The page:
2. Extended Data Fig. 2 Mammalian cell editing by CasX.

    a, PlmCasX T7E1 gene-editing validation of the mammalian cell GFP-disruption assay from Fig. 2g. b, PlmCasX T7EI quantification of a (n = 3, mean ± s.d.). c, PlmCasX GFP-disruption dose response (n = 3, mean ± s.d.). The Cas proteins and guide RNAs used in each assay are marked. Cas9-ng, non-targeting RNA guide of SpCas9; Cas9-g, targeting RNA guide of SpCas9; CasX-ng, non-targeting RNA guide of DpbCasX; CasX-g, targeting RNA guide of DpbCasX. In the assays of human cells, CasX-g2 and CasX-g3 denote GFP targeting guides to the template and non-template strand, respectively, and the GFP targeting guide of Cas9 (Cas9-g)—which is not expected to direct CasX activity—is used as the negative control. d, EGFP disruption of clonal EGFP HEK293T cell lines with PlmCasX and various doses of plasmid (n = 3, mean ± s.d.). Raw fluorescence-activated cell-sorting data are plotted with GFP on the x axis and forward scatter on the y axis, with gates drawn to demonstrate how GFP-negative cells are gated. e, Indels of GFP generated by PlmCasX cleavage as analysed by sub-cloning and Sanger sequencing of 20 clones. Three repeats with consistent results. f, Map depicting the target sites for each of the CasX and Cas9 guides on the EGFP coding sequence for Fig. 2h.

  3. Extended Data Fig. 3 Electron microscopy analysis of CasX–guide RNA–DNA ternary complex with a 30-bp target DNA.

    a, Target DNA sequence in this ternary complex. b, Electron microscopy analysis pipeline. From 7,500 drift-corrected micrographs, 1,698,815 particles were picked and used for 2D classification. By 2D-based manual screening, 713,219 good particles were selected for 3D classification into 4 classes. From the class that shows the most intact architecture, 363,431 particles were further used for heterogeneous refinement. This generated two reconstructions, state I and state II, which contained 71% and 29% of the particles, respectively. State I and state II were then independently refined to 3.8 Å and 4.2 Å, respectively. c, Euler angle distribution of the refined particles belonging to state I and state II. d, Gold-standard Fourier shell correlation (GSFSC) curve calculated using two independent half-maps. e, The density maps for both states, coloured by local resolution as calculated in Cryopsarc. The resolution ranges from 3 Å to 7 Å. c and d are taken directly from the standard output of Cryosparc.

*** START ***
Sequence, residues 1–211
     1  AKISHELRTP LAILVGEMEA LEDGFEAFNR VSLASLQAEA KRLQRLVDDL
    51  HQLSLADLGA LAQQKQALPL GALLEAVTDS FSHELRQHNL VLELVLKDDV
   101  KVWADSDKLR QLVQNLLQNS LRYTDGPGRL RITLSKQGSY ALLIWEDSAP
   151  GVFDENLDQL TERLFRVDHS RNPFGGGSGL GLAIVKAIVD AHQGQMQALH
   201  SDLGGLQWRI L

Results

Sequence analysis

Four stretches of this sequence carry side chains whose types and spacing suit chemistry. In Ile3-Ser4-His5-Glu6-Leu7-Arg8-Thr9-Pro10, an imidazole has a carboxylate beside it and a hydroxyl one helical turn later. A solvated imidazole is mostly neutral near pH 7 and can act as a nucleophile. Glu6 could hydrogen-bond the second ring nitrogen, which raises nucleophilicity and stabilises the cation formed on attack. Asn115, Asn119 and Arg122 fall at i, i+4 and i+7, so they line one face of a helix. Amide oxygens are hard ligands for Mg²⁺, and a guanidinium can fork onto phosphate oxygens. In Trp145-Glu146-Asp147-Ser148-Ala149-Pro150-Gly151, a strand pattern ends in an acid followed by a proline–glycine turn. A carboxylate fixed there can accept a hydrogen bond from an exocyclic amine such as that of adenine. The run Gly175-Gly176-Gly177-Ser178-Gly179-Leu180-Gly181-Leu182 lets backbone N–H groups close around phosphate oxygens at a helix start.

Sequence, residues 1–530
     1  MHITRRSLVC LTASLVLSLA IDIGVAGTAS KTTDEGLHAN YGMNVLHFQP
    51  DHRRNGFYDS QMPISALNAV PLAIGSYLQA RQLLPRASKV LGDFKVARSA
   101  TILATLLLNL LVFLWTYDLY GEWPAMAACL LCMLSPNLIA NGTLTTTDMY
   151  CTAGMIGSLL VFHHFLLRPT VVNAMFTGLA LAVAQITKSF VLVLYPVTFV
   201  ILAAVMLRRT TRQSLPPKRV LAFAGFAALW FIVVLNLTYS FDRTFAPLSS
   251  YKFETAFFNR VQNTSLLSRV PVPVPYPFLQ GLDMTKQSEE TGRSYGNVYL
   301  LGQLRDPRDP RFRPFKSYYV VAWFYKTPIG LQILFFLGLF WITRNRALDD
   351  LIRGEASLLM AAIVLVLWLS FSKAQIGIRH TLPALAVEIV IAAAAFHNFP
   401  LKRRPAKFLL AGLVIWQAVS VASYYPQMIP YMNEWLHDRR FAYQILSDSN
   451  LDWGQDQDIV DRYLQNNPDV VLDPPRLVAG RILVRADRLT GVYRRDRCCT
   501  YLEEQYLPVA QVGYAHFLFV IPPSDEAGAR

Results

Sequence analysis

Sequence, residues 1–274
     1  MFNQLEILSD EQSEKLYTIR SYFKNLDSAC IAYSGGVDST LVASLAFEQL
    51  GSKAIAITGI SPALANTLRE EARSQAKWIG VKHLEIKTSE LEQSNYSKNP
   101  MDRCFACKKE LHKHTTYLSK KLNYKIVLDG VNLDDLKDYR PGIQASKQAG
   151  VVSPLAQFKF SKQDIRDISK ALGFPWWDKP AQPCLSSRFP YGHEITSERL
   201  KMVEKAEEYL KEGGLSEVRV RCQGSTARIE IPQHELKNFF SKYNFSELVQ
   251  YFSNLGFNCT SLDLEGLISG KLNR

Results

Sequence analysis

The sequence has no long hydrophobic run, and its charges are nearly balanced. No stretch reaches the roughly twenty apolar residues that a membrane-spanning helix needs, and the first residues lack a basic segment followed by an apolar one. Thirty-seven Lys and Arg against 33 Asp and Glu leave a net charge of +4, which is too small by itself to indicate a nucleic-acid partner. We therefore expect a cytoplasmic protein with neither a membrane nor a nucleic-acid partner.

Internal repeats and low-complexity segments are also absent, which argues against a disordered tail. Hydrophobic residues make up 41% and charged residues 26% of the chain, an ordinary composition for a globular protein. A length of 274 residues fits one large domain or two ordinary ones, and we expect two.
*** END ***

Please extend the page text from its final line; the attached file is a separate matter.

4. Extended Data Fig. 4 Electron microscopy analysis of CasX–guide RNA–DNA ternary complex with full R-loop (45-bp target DNA).

    a, Target DNA sequence in this ternary complex. b, Cryo-EM analysis pipeline. From 5,000 drift-corrected micrographs, 1,135,443 particles were picked and used for 2D classification. By 2D-based manual screening, 485,163 good particles were selected for 3D classification into 4 classes. From the class showing better structure preservation, 222,927 particles were further used for heterogeneous refinement; this generated two models, state I and state II, which contained 67% and 33% of the particles, respectively. State I and state II were then independently refined to 3.2 Å and 5.2 Å, respectively. c, The Euler angle distribution for state I and state II. d, GSFSC curve calculated using two independent half-maps. e, Cryo-EM structures of state I and state II coloured by local resolution as calculated in Cryopsarc. The resolution ranges from 3 Å to 7 Å. c and d are standard outputs of Cryosparc.